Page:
Film

Film has been used in panoramic machines since its inception and always in combination with matching intensifying screens. These screens contain rare-earth elements and fluoresce green or blue light when struck by x-ray photons. This light exposes the silver bromide crystals in the film and forms the latent image that is subsequently made visible by film processing.

Charge-coupled device

CCD sensors have been used in recent years to capture the image in some panoramic machines. A 6 in × 12 in sensor is too expensive to manufacture; a linear array, approximately 4 pixels wide, is used to capture the image. This linear CCD array is read out continuously as the exposure is being made, thus building up the image from one side to the other. The image data are then stored on a hard disk and may be displayed on a monitor.

Storage phosphor plates

PSP technology is also used to acquire panoramic images. In this case, large plates, approximately 6 in × 12 in, are used. The plates are exposed and then read in a laser reader. The resultant image is displayed on a computer monitor and stored like other images.

Clinical considerations

Panoramic radiography is excellent in providing an overview of oral hard tissues, including presence and location of teeth, foreign bodies, cysts, tumors, and other conditions within the jaws. The resolution of panoramic images is sufficient for many dental tasks but less than that provided by intraoral imaging and thus may be insufficient to reveal early or subtle disease. Panoramic radiographs are most useful when full coverage of the jaws is desired or when a specific region that is too large to be seen on a periapical view is desired. For many patients not having extensive dental disease, a thorough clinical examination accompanied by a panoramic view plus four bitewings serves as a good initial examination. Then, on the basis of these images and clinical findings, additional supplemental periapical views may be indicated .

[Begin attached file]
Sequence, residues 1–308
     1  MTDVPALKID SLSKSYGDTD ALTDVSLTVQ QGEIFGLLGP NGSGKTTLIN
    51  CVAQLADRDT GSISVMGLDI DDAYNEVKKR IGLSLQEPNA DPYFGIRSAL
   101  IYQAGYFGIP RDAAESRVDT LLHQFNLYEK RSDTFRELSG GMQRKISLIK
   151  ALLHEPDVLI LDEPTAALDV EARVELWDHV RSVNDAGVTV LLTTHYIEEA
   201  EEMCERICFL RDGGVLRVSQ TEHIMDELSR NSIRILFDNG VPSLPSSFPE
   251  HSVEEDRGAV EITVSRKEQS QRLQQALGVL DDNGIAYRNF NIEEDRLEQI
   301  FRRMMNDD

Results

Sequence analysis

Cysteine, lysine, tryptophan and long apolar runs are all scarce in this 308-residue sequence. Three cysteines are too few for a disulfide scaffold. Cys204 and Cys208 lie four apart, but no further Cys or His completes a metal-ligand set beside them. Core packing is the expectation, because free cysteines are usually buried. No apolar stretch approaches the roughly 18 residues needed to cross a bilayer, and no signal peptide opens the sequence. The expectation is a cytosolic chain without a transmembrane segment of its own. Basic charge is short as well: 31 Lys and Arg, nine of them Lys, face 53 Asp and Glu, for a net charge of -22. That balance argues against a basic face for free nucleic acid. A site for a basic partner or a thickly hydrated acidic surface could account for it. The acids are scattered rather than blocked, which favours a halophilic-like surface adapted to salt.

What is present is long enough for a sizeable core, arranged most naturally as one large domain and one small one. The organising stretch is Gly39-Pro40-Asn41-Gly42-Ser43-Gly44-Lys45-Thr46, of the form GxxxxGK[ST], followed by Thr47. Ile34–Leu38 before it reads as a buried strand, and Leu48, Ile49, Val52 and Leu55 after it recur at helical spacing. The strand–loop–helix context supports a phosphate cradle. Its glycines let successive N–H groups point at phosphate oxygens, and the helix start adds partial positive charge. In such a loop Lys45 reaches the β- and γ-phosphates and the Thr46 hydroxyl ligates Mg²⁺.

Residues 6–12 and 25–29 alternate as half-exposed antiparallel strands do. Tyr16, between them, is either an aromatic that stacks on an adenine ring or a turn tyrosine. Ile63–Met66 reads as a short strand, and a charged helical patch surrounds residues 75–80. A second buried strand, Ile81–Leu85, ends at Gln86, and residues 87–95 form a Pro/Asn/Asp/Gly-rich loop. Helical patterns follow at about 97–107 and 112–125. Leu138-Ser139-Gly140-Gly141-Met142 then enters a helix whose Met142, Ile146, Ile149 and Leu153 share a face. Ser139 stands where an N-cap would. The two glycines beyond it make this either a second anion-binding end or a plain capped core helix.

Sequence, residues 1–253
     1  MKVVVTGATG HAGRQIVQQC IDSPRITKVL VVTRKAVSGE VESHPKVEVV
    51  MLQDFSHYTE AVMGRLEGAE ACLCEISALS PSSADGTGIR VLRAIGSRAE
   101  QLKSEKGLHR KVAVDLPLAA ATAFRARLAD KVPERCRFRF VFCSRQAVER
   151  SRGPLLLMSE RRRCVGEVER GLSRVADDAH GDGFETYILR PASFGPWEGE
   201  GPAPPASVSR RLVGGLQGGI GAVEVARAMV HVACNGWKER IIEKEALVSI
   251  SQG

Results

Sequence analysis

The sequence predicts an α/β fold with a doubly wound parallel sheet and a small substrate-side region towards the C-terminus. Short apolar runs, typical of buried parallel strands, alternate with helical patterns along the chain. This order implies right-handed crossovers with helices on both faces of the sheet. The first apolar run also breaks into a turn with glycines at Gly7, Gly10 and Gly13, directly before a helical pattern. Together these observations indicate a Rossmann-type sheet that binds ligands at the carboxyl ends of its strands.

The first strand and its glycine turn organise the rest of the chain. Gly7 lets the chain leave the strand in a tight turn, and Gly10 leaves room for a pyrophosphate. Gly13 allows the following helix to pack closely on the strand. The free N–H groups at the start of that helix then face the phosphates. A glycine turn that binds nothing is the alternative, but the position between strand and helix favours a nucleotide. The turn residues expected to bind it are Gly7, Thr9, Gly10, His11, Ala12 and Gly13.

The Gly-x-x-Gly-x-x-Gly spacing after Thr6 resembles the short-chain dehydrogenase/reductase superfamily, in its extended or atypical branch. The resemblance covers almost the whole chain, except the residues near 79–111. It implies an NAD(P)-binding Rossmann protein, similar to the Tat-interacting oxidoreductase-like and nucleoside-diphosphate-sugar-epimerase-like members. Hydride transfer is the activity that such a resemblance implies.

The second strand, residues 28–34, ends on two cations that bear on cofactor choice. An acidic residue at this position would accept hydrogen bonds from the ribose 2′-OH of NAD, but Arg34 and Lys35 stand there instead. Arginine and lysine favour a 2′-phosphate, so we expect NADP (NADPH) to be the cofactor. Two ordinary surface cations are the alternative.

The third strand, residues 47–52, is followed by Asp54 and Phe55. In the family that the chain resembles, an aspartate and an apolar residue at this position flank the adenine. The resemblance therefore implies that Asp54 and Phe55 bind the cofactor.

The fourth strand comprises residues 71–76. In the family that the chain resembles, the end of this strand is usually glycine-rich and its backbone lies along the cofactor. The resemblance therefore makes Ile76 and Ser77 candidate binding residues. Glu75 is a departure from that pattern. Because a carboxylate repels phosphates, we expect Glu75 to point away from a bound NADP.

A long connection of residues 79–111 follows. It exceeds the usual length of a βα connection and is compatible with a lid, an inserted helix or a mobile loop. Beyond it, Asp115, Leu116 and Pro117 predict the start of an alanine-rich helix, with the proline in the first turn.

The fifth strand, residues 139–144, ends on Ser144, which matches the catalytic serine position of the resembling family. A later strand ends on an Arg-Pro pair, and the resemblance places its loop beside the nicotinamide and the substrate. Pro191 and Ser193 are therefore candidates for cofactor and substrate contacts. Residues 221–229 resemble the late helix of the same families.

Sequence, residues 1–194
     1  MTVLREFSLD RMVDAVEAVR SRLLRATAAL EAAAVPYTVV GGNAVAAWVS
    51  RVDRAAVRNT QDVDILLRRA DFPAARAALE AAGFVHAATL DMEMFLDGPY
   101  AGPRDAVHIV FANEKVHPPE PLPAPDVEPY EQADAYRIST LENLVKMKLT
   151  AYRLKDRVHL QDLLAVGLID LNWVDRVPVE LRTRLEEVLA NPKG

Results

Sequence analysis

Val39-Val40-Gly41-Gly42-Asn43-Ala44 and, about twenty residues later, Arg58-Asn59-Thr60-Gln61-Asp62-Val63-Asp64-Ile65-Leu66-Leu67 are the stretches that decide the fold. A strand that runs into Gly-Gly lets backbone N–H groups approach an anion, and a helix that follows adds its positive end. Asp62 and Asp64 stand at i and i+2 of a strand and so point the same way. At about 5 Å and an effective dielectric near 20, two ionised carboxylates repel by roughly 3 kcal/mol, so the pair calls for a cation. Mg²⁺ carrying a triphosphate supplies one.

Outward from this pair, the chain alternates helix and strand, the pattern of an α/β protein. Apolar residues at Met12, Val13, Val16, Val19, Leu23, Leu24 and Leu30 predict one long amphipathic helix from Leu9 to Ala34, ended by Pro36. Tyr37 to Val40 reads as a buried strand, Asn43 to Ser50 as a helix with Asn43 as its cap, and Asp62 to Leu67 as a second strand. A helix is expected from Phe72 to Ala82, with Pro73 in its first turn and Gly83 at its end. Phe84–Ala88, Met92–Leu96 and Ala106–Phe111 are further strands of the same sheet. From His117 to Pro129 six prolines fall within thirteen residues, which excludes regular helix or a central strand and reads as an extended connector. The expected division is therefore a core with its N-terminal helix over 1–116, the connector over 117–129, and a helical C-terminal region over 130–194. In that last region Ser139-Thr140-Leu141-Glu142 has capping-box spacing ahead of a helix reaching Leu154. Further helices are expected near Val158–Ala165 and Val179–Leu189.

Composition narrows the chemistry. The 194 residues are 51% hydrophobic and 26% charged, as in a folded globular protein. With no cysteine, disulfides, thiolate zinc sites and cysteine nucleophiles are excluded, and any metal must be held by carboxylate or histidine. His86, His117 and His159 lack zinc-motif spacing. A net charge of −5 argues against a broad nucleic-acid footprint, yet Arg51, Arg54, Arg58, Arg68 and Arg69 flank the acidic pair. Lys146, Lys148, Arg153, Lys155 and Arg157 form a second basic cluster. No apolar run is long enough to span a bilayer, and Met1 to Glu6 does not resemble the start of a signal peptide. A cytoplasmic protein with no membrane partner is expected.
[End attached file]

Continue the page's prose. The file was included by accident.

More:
The major advantages of panoramic images are the broad coverage of oral structures, the low patient dose (about 10% of a full-mouth examination), and the moderately low cost of the equipment (compared with cone-beam imaging [see later discussion]). Some newer panoramic machines incorporate cone-beam technology.

The major limitations of panoramic imaging are the reduced resolution compared with intraoral images and the fact that the focal trough is fairly thick, enough to see the full thickness of the alveolar ridges, and thus it presents essentially a 2D projection image of these regions. Also, image distortion and the presence of phantom images of anatomy outside the focal trough, such as overlapping cervical spine images on the anterior maxilla and mandible, can artificially produce apparent changes or may hide significant findings.

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Jun 15, 2016 | Posted by in Oral and Maxillofacial Radiology | Comments Off on The Evolution and Application of Dental Maxillofacial Imaging Modalities